We all know the thrill of the summit, the enjoyment we get from completing tasks and accomplishing goals.
But there is also the daily slog that goes into achieving that milestone. The process that can be a long, frustrating, difficult journey.
And then, the well earned relief that comes with finishing a project. If that hard work isn’t acknowledged though, it feels worse than being denied a high five.
In those times when it can be hard to keep going, it is important to make sure we stay motivated by acknowledging all of the efforts we’ve put in so far.
I’ve been in a lot of different work environments through my school years and professional life. Some places have done this well, others haven’t. It isn’t something that is intuitive for all managers. Some try and it doesn’t go well, others don’t even try at all.
I’m not sure what is worse, but I will say I’ve been at some awkward “celebratory” lunches where there wasn’t much celebrating going on and it felt more like an obligation than an opportunity for fun.
Nevertheless, celebrating milestones along the path toward our goals is a crucial component of engagement. It helps honor the hard work folks are putting in, incentivizes reaching goals, and generally just creates a more positive environment. This can apply to both students and staff. We all need a little encouragement and could use breaks in our work days to have some fun.
To do this well, here are some tips and things to consider:
Allow teammates to recognize each other
Many teams have fun recognition traditions like passing around a literal rock for “You Rock” awards, paper plate awards, or a silly trophy that’s been passed down for decades. These are simple, fun ways to do an important thing: allow people to recognize each other publicly.
Some people don’t like this, which is fine, but this is a great way to foster a positive culture where helping and encouraging each other is celebrated and praised. There are platforms like YouEarnedIt that help to put points to this that one can accumulate and redeem for different perks.
Whatever way you do it, allow for some mechanism in your team to let people recognize the awesome contributions of each other. Don’t have only the higher-ups give out praise. It’s on everyone to share the love where it is due.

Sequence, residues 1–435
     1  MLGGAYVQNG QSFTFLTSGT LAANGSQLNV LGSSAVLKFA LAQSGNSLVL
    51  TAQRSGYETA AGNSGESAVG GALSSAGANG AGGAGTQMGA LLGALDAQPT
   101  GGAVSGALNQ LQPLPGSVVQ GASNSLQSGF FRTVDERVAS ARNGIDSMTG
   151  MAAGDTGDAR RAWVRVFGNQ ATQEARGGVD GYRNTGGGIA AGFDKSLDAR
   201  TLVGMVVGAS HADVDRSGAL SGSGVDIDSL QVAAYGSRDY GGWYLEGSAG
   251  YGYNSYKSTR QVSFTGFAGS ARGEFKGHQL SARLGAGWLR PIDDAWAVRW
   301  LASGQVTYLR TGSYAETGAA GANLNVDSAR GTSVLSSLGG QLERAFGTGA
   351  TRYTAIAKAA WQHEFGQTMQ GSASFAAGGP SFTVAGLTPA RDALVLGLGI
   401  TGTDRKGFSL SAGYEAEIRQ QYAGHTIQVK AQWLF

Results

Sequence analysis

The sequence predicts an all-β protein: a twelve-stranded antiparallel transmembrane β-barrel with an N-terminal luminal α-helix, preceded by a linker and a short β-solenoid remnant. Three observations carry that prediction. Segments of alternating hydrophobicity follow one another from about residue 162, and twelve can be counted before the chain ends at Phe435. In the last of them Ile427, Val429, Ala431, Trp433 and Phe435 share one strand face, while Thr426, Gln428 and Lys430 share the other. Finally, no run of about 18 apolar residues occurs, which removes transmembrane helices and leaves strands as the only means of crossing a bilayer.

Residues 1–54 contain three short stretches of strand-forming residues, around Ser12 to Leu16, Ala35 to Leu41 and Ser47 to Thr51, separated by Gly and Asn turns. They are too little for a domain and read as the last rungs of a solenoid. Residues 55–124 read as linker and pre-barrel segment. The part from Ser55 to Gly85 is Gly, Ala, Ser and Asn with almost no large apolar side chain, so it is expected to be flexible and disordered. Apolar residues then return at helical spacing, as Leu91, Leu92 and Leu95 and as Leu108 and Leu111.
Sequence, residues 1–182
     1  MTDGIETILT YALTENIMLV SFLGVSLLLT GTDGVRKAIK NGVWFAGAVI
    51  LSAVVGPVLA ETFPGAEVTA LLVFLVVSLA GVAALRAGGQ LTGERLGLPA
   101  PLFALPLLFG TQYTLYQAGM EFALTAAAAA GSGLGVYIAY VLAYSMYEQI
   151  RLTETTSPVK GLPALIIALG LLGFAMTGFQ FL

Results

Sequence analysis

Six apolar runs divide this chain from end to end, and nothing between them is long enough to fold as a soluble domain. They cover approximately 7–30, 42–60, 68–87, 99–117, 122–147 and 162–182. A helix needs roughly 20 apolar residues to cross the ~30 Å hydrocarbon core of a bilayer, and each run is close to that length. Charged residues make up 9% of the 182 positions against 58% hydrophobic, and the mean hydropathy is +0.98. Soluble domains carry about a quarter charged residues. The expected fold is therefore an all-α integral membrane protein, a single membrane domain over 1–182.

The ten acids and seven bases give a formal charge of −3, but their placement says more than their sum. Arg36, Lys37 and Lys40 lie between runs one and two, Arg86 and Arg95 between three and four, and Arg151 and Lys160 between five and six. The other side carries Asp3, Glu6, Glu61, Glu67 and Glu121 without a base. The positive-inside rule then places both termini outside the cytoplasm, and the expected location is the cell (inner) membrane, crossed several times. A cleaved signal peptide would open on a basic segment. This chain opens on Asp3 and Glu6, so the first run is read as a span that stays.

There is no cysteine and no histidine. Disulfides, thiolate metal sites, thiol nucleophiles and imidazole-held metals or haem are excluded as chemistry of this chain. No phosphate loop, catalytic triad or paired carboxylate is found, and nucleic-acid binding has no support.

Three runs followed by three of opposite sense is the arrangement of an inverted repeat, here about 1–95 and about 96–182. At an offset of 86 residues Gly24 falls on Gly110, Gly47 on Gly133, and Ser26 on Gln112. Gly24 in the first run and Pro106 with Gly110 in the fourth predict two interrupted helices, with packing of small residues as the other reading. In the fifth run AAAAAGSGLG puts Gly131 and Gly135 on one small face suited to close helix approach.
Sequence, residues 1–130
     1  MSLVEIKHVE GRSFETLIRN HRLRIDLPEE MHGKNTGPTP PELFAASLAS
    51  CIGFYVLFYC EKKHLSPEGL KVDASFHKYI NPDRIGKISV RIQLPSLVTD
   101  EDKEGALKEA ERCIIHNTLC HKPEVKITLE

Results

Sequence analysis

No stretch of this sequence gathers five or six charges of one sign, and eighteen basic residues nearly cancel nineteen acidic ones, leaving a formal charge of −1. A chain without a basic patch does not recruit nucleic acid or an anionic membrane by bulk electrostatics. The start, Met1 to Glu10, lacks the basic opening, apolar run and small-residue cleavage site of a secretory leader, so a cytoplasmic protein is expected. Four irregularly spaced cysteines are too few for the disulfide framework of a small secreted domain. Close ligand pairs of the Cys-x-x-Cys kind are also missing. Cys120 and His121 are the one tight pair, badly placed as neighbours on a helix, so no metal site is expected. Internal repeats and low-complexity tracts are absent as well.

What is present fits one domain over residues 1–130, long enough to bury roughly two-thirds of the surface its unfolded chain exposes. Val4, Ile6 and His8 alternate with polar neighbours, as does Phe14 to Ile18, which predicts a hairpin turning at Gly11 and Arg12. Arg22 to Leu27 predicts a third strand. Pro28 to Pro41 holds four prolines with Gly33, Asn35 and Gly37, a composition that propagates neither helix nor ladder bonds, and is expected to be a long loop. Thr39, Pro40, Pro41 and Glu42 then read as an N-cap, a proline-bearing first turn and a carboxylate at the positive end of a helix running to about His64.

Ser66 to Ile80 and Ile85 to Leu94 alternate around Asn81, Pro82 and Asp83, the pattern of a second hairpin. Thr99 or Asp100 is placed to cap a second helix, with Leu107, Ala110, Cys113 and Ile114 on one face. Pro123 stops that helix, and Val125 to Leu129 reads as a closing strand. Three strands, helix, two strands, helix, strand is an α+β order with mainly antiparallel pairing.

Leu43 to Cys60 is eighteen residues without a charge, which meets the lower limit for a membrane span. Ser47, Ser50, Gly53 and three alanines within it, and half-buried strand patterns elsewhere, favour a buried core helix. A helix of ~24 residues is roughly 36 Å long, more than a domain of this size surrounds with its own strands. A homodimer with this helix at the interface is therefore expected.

It also helps to greatly increase the likelihood of recognition being shared generally. Especially with those smaller wins, management isn’t always going to see everything (much less make the time to recognize it). If they see all the awesome work happening and being recognized, it could shift the culture in a positive way.
Some people aren’t going to want big public recognition. Some will want it in private, others in writing, some in gifts, others in the form of time off or a task completed. It’s basically Love Languages, just applied to the workplace.
Get to know your team and figure out the best way to give praise so that it isn’t something people dread because it makes them anxious or they are ambivalent towards it because it doesn’t hold a lot of value to them. Need some help figuring all this out? Lara Hogan has a great template of questions for your 1:1s to help explore your team’s personal preferences.
It’s commonplace nowadays to go around telling people that they’re generally “crushing it” or “really rocking it”, which is all well and good, but when you’re really trying to build up some motivating energy, it is far more valuable to be specific.
Look for something someone took initiative on, a process someone really owned or improved, or perhaps someone stepping up to add great input during a meeting. It can be big or small, as long as you can get specific to the moment and what made it stand out.
This will be especially meaningful if you show some change over time in how the employee would have handled that situation in the past. It will show you’re paying attention and are charting the personal growth of your team member.
Do it early and often
Don’t feel like you have to wait around to give praise. Celebrate the milestones as early as you can and help new hires feel valued in their new role. Their first advising appointment they ran on their own, their first conduct meeting, first conference presentation. It’s a big deal when you’re having these moments, and they deserve to be celebrated.
This is also to say that these sort of moments should continue. If someone has a really positive string of programs or hits a certain work anniversary, make it known and give some praise where it is due.
There is hardly a bad time to give notice to positive behaviors and milestones.
When you combine all these tips to celebrate milestone achievements and moments, you’ll be on your way to creating a thriving, positive, engaged work culture. Your team will feel seen, respected, and inspired. From there, your office will be poised to do its best work for your students.